The challenger bank trend first emerged in Europe and has progressively gained traction in all parts of the world. Today, challenger banks are growing significantly and attracting big money.
According to FT Partners’ newly released The Rise of Challenger Banks: Are the Apps Taking Over? research paper, Brazil’s Nubank is currently the world’s biggest challenger bank counting some 15 million users, and the world’s most well-funded challenger bank having raised US$906 million.
Founded in 2013, Nubank offers a no-fee MasterCard Platinum credit card that can be managed through a mobile app. Customers can open an account in less than three minutes. Nubank’s low-cost digital structure and advanced credit modeling and decisioning allows it to offer a lower interest rate than most current bank cards and pass cost savings onto consumers.
Nubank is followed by the US’s Chime (US), the world’s second most well-funded challenger bank (US$805 million), Germany’s N26 (US$683 million), and the UK’s Monzo (US$413 million).
The rise of challenger banks
Challenger banks began emerging in Europe as the regulatory landscape evolved to decrease the barriers to entry for new players. Regulatory changes including the UK’s open banking standards and the implementation of PSD2, the Second Payment Services Directive, have enabled new fintech companies, including challenger banks, to develop within the banking ecosystem.
Additionally, changing customer expectations and a shift towards digital have been driving the growth of the industry. The FT Partners report notes that in 2017, there was a shift in banking activity, with more than half of Europeans shifting to digital forms of banking. Europe’s leading economies including the UK, Germany and France spearheaded the change.
One of Europe’s biggest success stories is the UK’s Revolut, which now operates in over 30 European countries, Singapore and Australia, and plans to launch in the US, Japan and Canada soon.
As of December 2020, Revolut was the world’s third top challenger bank by search frequency, according to a research by Amsterdam-based Fintech Consultancy Group (Fincog), after Nubank and France’s Nickel.
Opportunities in emerging markets
The FT Partners report notes the opportunity for challenger banks in emerging markets considering their large unbanked populations, high mobile penetration, and growing middle classes.
It cites the example of Malaysia’s BigPay, which was launched in 2018 to offer users in Southeast Asia an alternative to their traditional bank. In addition to basic banking services, BigPay also launched a remittance product and is developing a contextualized lending platform.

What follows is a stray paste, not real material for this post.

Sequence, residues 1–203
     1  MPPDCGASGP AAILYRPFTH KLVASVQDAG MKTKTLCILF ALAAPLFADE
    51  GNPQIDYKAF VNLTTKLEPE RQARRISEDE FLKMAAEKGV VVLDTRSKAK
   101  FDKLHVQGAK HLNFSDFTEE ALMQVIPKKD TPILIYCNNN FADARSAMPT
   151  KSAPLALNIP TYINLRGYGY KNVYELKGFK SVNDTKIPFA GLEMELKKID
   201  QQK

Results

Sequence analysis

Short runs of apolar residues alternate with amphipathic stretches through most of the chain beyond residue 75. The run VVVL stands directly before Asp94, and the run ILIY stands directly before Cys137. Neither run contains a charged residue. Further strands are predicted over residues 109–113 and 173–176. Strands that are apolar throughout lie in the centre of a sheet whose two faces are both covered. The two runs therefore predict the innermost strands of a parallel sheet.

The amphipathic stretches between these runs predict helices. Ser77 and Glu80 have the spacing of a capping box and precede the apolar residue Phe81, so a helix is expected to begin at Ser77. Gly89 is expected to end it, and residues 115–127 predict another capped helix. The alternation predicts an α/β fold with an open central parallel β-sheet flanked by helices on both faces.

BigPay is the largest and fastest-growing pure play challenger bank in the region, the report says.
In Brazil, several challenger banks have emerged too. Besides Brazil’s top challenger bank Nubank, others exist including Banco Neon, a mobile-based bank that offers Visa debit cards and no monthly fees, as well as personal loans, investing options, and expense management tools, as well as Banco Original, formerly known as Banco JBS, which officially launched its digital retail bank platform in 2016.
Banks launch their own fintech brands
With challenger banks rapidly gaining ground, some traditional financial institutions have responded by creating their own fintech brands.
Amidst competition from the first online challenger banks, NetBank and Telebanc, ING launched its branchless ING Direct brand and Bank One launched WingSpan Bank in the late 1990s, early 2000s.
In 2009, GMAC transformed its banking subsidiary into the online-only Ally Bank, becoming one of the first of the new generation of challenger banks. Most recently, Goldman Sachs launched Marcus as a separate brand offering online loans and savings accounts, and in 2013, SunTrust began offering loans through its online consumer lending division, LightStream.
Other incumbents however have opted to collaborate with challenger banks. Toronto-based TD Bank has established relationships with Moven, an early player in the challenger banking space. Founded in 2010 by Brett King, Moven offers direct-to-consumer financial wellness mobile banking services, and launched in 2016 Moven Enterprise, which licenses its proprietary technology to banks.
Among the most prominent deployments and customers of Moven Enterprise are TD MySpend, an app that allows users to track their spending launched by TD Bank in 2016, and Yandex.Money, a Russian e-wallet provider with over 45 million users, which engaged Moven Enterprise to help it provide personalized and contextual advice to customers.
Potential future entrants
But competition in the challenger banking space is about to heat up as new and potential future entrants are set to enter the market, the report says.
These potential competitors include tech giants Amazon, Apple, Facebook and Google. Amazon already offers a number of financial products and has reportedly been in discussions with several banks including JP Morgan Chase about offering a checking account-type product.
Apple is active in the mobile payments and recently partnered with Goldman Sachs and MasterCard to offer the Apple Card, a digital and physical credit card.
Other possible contenders, according to the report, include robo-advisor Betterment and stock investing platform Robinhood, which both recently launched their respective checking and savings accounts, as well as Uber, which announced last year the formation of a new division called Uber Money.
This article first appeared on fintechnews.ch